Forbes Asia releases its 14th annual Heroes of Philanthropy list. While this year’s list is unranked and excludes donations made by companies, it shines a light on 15 individual philanthropists in the Asia-Pacific region. Some of this year’s biggest donors focused on the Covid-19 pandemic: Hong Kong’s Li Ka-Shing gave US$32 million to various aid initiatives and Japan’s Tadashi Yanai gave US$105 million to research and vaccine development. Other philanthropists, like Vietnam’s Pham Nhat Vuong, continued to contribute to causes such as education, alongside contributing to relief efforts.

THE THINKERS

Finding the way forward in post-Covid-19 Asia. Covid-19 has made it clear that governments, donors, and the social sector all have an indispensable role in helping societies build back stronger from the pandemic. CAPS’ Doing Good Index 2020 highlights the strengths and opportunities for 18 economies in Asia to build a more enabling environment for such philanthropy to reach the neediest. In our latest webinar series, CAPS’ Chief Executive Ruth Shapiro and Director of Research Mehvesh Mumtaz Ahmed share country-specific findings on PakistanIndiaKoreaMalaysiaNepal, and Hong Kong.

THE NONPROFITS

Educate Girls among the world’s 100 most inspiring innovations in K12 education. The nonprofit, which works for girls’ education in the remotest villages of India, has announced its selection in HundrED 2021 Global Collection—an annual list that highlights 100 of the most impactful innovations in K12 education from around the world. Educate Girls’ innovation was reviewed by 150 Academy Members consisting of academics, educators, innovators, funders, and leaders from over 50 countries. Since 2007, Educate Girls has enrolled over 750,000 girls in schools, improving learning outcomes for over 1.3 million children. The nonprofit is also well-known for spearheading the world’s first Development Impact Bond in education.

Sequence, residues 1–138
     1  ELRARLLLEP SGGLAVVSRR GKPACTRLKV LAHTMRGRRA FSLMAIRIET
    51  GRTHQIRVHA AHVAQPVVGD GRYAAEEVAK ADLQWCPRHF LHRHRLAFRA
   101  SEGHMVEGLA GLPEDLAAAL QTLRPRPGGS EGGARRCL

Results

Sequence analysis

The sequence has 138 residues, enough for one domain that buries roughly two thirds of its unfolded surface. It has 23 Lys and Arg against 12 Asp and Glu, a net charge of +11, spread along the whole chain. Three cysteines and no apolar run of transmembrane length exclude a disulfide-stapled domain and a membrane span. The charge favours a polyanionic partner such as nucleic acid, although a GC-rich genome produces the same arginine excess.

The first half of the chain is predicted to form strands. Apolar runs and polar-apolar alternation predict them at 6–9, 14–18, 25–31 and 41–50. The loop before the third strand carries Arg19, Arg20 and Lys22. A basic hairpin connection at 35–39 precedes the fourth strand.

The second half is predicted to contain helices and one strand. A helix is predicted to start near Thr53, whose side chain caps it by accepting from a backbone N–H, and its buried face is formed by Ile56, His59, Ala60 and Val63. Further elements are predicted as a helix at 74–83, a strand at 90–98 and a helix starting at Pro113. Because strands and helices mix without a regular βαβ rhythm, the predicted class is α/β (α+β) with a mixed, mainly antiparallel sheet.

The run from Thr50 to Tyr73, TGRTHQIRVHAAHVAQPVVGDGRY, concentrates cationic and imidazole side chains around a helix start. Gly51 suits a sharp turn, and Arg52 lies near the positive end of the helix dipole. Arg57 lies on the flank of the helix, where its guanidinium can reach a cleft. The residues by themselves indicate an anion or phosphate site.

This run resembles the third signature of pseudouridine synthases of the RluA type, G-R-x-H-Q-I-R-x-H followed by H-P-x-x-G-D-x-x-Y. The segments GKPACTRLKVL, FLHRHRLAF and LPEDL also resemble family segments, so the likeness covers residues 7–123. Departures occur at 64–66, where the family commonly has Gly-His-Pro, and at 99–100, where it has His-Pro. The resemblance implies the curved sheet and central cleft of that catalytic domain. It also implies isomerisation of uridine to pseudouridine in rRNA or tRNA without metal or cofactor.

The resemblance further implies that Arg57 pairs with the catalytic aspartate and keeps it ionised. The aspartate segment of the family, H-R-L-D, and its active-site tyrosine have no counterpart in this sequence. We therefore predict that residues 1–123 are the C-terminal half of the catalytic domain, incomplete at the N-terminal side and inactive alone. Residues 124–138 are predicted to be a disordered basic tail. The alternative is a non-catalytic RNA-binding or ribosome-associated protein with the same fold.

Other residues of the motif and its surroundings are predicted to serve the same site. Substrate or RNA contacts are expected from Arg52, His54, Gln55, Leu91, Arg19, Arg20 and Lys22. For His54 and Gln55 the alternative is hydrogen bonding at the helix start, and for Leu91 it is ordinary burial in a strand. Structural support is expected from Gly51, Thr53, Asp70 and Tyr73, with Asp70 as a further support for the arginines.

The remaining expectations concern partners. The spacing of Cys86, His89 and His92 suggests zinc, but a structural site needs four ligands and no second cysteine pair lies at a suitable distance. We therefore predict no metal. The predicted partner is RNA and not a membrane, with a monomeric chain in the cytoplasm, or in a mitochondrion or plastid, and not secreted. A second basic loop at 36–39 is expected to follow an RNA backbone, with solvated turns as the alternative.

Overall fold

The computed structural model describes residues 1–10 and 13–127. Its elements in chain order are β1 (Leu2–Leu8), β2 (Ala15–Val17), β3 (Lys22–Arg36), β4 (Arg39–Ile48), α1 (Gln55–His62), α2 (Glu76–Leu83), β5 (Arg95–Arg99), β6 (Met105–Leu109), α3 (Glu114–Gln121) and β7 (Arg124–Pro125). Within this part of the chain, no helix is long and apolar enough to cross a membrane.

THE BUSINESSES

Interview with Jaime Augusto Zobel de Ayala on how businesses can be a force for good. In conversation with the McKinsey Quarterly, the chairman and CEO of Ayala Corporation discusses macro trends among businesses in Asia and how they’re responding to complex challenges during Covid-19. In the interview, Ayala describes his own learnings and how the Ayala Group responded to the pandemic by prioritizing its employees, upholding its broad ecosystem, and supporting the community at large, especially those most economically vulnerable. The Group also joined forces with other companies to support the government in meeting the immediate needs of communities—underscoring the importance of partnership at a time when both the will and resources required are beyond any one sector’s capacity to provide.

Social bonds strengthen foothold in Asia credit market. Globally, issuance of social bonds shot up more than five times to approximately US$105 billion as of October 2020. Amidst Covid-19, new debt is being increasingly redirected to social and sustainability bonds targeted at supporting rising public health needs and growing economic disparity. This is true in Asia, too, where distribution of social bonds rose 29% this year through June 15 from a year earlier. This augurs well for the region, where Asian governments and institutions have been slow to issue social bonds. Yet, this redirection comes at a cost: green bond issuance in Asia-Pacific in the second quarter of 2020 fell to its lowest level in more than three years.

THE INNOVATORS

The Australian Government and Macquarie Group Foundation support Filipina entrepreneurs. Together with the Macquarie Group Foundation, Australia is committing to an investment program of over P43 million (approximately US$900,000) to aid Filipino women who own small and medium enterprises (SMEs). The Responsive Interventions Supporting Entrepreneurs (RISE) Fund aims to help the Philippines build back better by supporting women-led SMEs. Australian ambassador to the Philippines stressed that Filipino women “will play a central role in the recovery from Covid-19 and should have an equal part in a more resilient, inclusive, and broad-based Philippines.”